Every year, the Baseball Hall of Fame welcomes a new class of players onto their ballot. While some players become first-ballot Hall of Famers, there have been a number of great players who immediately fell off the ballot, falling below the five-percent threshold. There are enough “one and done” players to make a formidable roster with plenty of star power.
Catcher: Jorge Posada
Posada spent all 17 seasons of his career in Pinstripes, which makes it hard to believe he didn’t get much love from the Hall of Fame voters. The switch-hitting backstop had a career batting line of .273/.374/.474 (121 OPS+) with 275 homers, 379 doubles, 1,094 RBIs, and 42.7 rWAR. According to JAWS (the average of a player’s career WAR and seven-year peak WAR), Posada ranks as the 19th-best catcher in MLB history.
Posada was a five-time All-Star and Silver Slugger, as well as a four-time World Series champion. Posada eclipsed 20 homers in eight seasons, hitting as many 30 in 2003, the same year in which he finished third in MVP voting. In 2007, Posada finished sixth in MVP voting, registering a career-best .338/.426/.543 (153 OPS+) batting line. That season, he became the only catcher in MLB history to record a season with at least a .330 batting average with 40 doubles, 20 homers, and 90 RBIs. Posada also leads all switch-hitting catchers in homers.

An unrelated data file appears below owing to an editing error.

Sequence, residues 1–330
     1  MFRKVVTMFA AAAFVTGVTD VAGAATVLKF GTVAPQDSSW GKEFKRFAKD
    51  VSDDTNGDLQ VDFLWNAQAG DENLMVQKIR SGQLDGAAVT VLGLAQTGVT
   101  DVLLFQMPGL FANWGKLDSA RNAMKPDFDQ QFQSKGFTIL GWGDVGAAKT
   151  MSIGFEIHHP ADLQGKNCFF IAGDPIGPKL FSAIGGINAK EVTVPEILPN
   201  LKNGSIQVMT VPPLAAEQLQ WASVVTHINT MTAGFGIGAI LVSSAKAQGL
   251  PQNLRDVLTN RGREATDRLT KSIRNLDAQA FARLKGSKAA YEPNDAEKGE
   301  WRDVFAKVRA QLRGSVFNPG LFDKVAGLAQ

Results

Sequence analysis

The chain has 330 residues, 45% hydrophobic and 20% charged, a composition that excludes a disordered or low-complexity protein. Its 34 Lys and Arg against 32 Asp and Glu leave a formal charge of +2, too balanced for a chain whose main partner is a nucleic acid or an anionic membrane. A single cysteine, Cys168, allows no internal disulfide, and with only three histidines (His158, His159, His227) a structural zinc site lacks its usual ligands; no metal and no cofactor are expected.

Defensively, Posada had a slightly-below average throwing arm and was a subpar pitch framer. Even with his defensive shortcomings, it shocked many fans when Posada received just 3.8 percent of the Hall of Fame vote in 2017. He ranks ahead of Hall-of-Fame catchers Ernie Lombardi, Ray Schalk, and Rick Farrell on the JAWS leaderboard.
Honorable Mentions: Jason Kendall, Gene Tenace, Bill Freehan
First Base: John Olerud
First base had the most competition for any position in this lineup, with Olerud narrowly beating out the field. In his 17-year career, Olerud had a .295/.398/.465 (129 OPS+) batting line with 255 homers, 500 doubles, 1,230 RBIs, and 58.2 rWAR.
Olerud was a two-time All-Star and World Series champion and also racked up three Gold Glove awards. In 1993, Olerud won the AL Batting Title while also leading the league in doubles (54), OBP (.473), OPS (1.072), and OPS+ (186). After getting traded to the Mets, Olerud set a few franchise records despite only spending three seasons in Flushing. In 1998, he set the team’s single-season records for batting average (.354) and OBP (.447), and he set the club mark for walks in a season in 1999 with 125.
Olerud ranks 23rd among first basemen in JAWS, ahead of Hall of Famers Joe Torre, Frank Chance, Tony Perez, and Orlando Cepeda. Olerud even has an award named after him in college baseball for two-way players. Unfortunately, Olerud received just 0.7 percent of the Hall of Fame vote in 2011.
HM: Will Clark, Carlos Delgado, Norm Cash
Second Base: Bobby Grich
Bobby Grich had a very strong career that spanned 17 years. He hit .266/.371/.424 (125 OPS+) with 225 homers, 320 doubles, 864 RBIs, and 71.0 rWAR. He was a six-time All-Star, a four-time Gold Glover, and picked up a Silver Slugger in 1981. Grich finished as high eighth in MVP voting and led the AL in homers and OPS in 1981.